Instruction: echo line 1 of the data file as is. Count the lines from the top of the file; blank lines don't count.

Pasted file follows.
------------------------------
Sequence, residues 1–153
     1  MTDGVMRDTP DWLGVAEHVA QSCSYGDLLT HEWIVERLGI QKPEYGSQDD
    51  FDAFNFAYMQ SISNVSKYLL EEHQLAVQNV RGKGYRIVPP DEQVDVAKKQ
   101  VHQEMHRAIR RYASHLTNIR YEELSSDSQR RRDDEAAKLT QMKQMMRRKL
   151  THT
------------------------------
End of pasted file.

Sequence, residues 1–153